It looks as though this may also be true at Bank of Ireland and Anglo-Irish Bank although these numbers have yet to be declared and quantified.  UK readers will see echoes of the situation of ex-Royal Bank of Scotland head Fred Goodwin in the numbers below.

The man who bankrupted Allied Irish Bank, Eugene Sheehy gets an annual pension of €529,000.

Regular readers will be aware that I have written many times that bondholders in Irish banks should have been made to fulfil their obligations rather than being repaid, and let me be clear that this would have meant the bonds being declared worthless. Now it seems that the institutionalised corruption at the heart of Ireland has another costly feature for the Irish taxpayer to carry.

Is It the Debt Stupid?

Ireland was a country with a low-level of national debt pre credit crunch. You could have looked at the numbers and concluded that she was very fiscally conservative as her level of national debt dipped to one-quarter of her annual economic output. However this was to ignore the rising level of private debt particularly in her housing market and her political classes willingness to socialise losses in her banking sector.

According to Eurostat she now has a national debt of 179.7 billion Euros.  It calculates this as being 111.5% of her GDP and that this ratio had risen by 3% in the second quarter of 2012 and by 10% compared with a year earlier. So relatively high and rising quickly. In 2011 she recorded a fiscal deficit of 13.4% of her GDP.

Now let us compare this another measure of her ability to pay which is her “taxable capacity” or GNP. If we use the latest ratios of GDP to GNP we now get her national debt being 134%. As you can see this is more of a problem. Whilst I am not saying that every non-domiciled company would leave immediately if she tried to raise tax rates it does represent quite a problem as some/many no doubt would.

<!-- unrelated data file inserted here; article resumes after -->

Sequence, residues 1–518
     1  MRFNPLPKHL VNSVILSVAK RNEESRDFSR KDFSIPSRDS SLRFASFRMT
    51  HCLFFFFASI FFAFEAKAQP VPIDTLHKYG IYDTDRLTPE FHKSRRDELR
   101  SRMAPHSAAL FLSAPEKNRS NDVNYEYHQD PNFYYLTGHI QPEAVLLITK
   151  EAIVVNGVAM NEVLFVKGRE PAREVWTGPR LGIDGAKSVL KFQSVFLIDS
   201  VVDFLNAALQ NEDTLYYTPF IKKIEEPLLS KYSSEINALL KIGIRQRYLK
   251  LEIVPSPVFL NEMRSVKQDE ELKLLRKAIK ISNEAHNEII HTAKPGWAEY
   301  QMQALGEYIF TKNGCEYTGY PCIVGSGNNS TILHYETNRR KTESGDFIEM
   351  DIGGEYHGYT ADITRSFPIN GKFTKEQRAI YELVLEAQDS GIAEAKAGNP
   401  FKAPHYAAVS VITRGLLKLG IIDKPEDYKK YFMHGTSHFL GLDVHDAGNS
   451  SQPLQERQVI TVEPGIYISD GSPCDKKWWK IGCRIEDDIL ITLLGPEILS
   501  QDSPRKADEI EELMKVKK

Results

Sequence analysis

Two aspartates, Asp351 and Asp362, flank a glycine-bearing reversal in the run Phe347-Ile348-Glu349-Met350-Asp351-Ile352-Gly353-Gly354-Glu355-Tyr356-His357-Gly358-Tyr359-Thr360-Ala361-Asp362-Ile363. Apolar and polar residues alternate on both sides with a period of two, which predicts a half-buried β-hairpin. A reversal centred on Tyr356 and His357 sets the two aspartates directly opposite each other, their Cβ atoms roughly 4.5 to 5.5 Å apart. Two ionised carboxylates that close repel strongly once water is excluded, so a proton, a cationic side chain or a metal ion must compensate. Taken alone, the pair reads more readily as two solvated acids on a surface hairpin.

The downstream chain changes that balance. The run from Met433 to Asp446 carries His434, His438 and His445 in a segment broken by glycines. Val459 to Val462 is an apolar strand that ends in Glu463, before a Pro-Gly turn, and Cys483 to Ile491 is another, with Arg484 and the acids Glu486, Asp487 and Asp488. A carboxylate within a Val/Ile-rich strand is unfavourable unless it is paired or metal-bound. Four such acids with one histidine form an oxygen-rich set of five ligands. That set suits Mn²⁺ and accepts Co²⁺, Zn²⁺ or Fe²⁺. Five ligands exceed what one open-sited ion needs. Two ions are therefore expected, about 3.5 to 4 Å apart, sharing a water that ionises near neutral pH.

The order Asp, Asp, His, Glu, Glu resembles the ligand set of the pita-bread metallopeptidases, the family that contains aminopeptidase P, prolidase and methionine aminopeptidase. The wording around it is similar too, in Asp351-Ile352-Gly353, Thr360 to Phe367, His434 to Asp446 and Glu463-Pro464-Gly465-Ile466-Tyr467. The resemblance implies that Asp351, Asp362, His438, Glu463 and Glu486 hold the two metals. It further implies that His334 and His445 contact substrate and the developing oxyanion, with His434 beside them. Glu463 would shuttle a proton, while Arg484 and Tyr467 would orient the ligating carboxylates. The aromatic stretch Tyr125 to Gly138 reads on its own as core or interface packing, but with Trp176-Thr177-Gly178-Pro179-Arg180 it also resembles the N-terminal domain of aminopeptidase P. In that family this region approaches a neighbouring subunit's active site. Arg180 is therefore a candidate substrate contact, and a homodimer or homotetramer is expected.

We have seen today that there are grounds for optimism for the Irish economy in her latest data. In the prevailing economic climate she is putting in a good performance. However for her to reach escape velocity and exit the aid programmes she needs to find a way of dealing with the following. Her fiscal deficit is high and she plans to reduce it via euro area austerity. As she expects unchanged revenues all of the strain is going to be on reduced central government expenditure. The plan is for this to fall from 48.8 billion Euros in 2011, to 44.1billion in 2012, to 43.5 billion in 2013 then really be squeezed again to 40.8 billion in 2014 and 38.8 billion in 2015. We know the economic distress caused by that sort of action elsewhere. Also the squeeze is even harsher than it looks on the surface because expected debt interest is rising.